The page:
Gastrointestinal responses following acute and medium term intake of retrograded resistant maltodextrins, classified as type 3 resistant starch.

D Storey, A. Lee, F.R. Bornet, F.J.P.H. Brouns

Research output: Contribution to journalArticleAcademicpeer-review

Abstract

Design:Study part 1 was executed as a randomized double-blind placebo-controlled crossover study and study part 2 as a longitudinal study.Subjects:Forty-one healthy adult volunteers aged 18-24 years were recruited from the student population of the University of Salford. All subjects enrolled and completed study part 1 and 39 subjects enrolled and completed study part 2.Interventions:In study part 1, individuals consumed, in random order 0, 20, 40, 60, 80, 100 or 120 g of a RRM containing starch product incorporated in pre-prepared foods on individual test days. Assuming a minimum content of 50% RRM in the starch product this delivered respectively 0, 10, 20, 30, 40, 50 or 60 g of RRM. All foods were prepared and coded by personnel not involved in carrying out the tests. Test days were separated by 7 day washout periods. In study part 2, consumption of RRM was increased from 3.6 g at day 1 in incremental doses up to each subject's MNED as determined in study 1, to be achieved at day 14. Subsequently, RRM intake was from day 15-21 in a way that the final intake at day 21 was at least 10 g above the individual MNED. In both parts of the study, subjects reported the prevalence and magnitude of GI symptoms.Results:No significant change was observed in either defecation frequency and faecal consistency or the number of subjects experiencing any GI symptoms, following consumption of foods containing 0-60 g RRM. The individual MNED at which an increase in symptoms did not occur was determined as 60 g RRM for 71% of the subjects who participated in study part 1. Regression analysis showed that consumption of gradually increasing doses of RRM in food products over 21 days was associated with a significant increase in the mean symptom score for flatulence (P=1.5 x 10(-4)), total bowel movement frequency (P=0.023) and bowel movement frequency to pass watery faeces (P=0.0157). Increasing the ingested dose of RRM by 10 g above the predetermined MNED, however, did not provoke significant increases in GI symptoms. In both studies, the majority of symptom responses were classified by the subjects as 'little more than usual'.Conclusions:Consumption of up to 60 g RRM is tolerated well by most individuals with no evidence of any significant dose-dependent increase in the magnitude of symptoms or the occurrence of multiple GI symptoms. However, a mild laxative effect when consuming >60 g RRM is suggested. Although there was no change in GI responses following consumption of increasing doses of RRM over 21 days, generally a dose of 10 g RRM above the MNED level was tolerated well during medium term intake.Sponsorship:Cerestar-Cargill R&D Center, Vilvoorde, Belgium.The gastrointestinal (GI) responses to ingested digestion resistant retrograded maltodextrins, having a structural similarity to type 3 resistant starch (RS) but a lower molecular weight, were studied after acute single bolus ingestion as well as during a medium-term period of daily ingestion. The overall study was split into two parts: part 1 aimed (1) to determine the GI responses of young adults following consumption of 0-60 g resistant maltodextrin; (2) to define the maximum non-effective dose (MNED) at which a considerable increase in symptoms did not occur. Part 2 aimed to determine whether a gradual increase in the daily dose of retrograded resistant maltodextrin (RRM) to a level finally exceeding by at least 10 g the individually determined MNED to acute ingestion in part 1 of the study, modified tolerance over time.European Journal of Clinical Nutrition advance online publication, 7 February 2007; doi:10.1038/sj.ejcn.1602642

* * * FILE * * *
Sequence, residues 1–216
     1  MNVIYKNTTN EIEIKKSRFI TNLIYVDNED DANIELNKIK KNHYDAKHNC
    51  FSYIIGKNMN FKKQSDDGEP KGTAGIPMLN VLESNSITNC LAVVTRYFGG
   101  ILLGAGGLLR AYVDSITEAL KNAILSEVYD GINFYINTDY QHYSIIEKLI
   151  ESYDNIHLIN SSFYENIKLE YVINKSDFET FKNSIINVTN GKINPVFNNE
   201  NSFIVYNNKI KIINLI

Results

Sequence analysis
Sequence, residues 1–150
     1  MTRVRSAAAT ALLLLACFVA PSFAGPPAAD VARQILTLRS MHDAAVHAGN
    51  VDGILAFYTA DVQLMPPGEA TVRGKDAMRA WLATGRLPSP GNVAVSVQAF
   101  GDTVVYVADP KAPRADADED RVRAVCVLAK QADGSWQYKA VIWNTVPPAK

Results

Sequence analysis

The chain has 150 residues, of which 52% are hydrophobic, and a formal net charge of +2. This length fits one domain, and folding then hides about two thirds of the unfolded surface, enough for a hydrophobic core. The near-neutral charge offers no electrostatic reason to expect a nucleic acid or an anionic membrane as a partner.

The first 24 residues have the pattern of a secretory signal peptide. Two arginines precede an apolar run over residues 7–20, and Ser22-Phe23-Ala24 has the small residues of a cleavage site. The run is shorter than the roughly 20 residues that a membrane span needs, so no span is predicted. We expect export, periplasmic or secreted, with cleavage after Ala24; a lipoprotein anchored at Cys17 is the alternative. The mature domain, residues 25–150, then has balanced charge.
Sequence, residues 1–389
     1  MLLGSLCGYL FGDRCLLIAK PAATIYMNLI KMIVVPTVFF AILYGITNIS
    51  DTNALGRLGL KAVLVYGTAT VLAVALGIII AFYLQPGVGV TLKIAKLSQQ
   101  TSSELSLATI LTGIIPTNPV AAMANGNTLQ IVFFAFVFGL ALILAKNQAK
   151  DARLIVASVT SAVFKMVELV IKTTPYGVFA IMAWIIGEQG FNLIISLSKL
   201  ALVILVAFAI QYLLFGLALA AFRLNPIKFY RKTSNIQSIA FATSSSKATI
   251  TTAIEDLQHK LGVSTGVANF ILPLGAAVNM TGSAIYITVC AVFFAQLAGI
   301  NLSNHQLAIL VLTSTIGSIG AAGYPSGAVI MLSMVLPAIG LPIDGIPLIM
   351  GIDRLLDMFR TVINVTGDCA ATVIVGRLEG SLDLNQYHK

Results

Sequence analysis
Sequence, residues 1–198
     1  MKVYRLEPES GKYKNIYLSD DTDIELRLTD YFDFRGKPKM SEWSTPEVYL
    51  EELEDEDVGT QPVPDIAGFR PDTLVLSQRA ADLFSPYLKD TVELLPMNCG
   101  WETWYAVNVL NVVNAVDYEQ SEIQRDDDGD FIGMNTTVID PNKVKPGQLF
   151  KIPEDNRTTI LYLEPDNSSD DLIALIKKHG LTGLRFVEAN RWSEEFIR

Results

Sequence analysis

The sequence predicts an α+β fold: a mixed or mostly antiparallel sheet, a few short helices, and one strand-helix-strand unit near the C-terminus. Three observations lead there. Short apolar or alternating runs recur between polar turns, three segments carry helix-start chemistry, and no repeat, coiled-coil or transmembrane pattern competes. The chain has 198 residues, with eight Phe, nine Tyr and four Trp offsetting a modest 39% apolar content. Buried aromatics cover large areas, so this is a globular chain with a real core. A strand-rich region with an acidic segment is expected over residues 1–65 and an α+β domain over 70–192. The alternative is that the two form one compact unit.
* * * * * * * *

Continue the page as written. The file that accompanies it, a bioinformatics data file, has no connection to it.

Original languageEnglish
Pages (from-to)1262-1270
JournalEuropean Journal of Clinical Nutrition
Volume61
Issue number11
DOIs
Publication statusPublished - 1 Jan 2007

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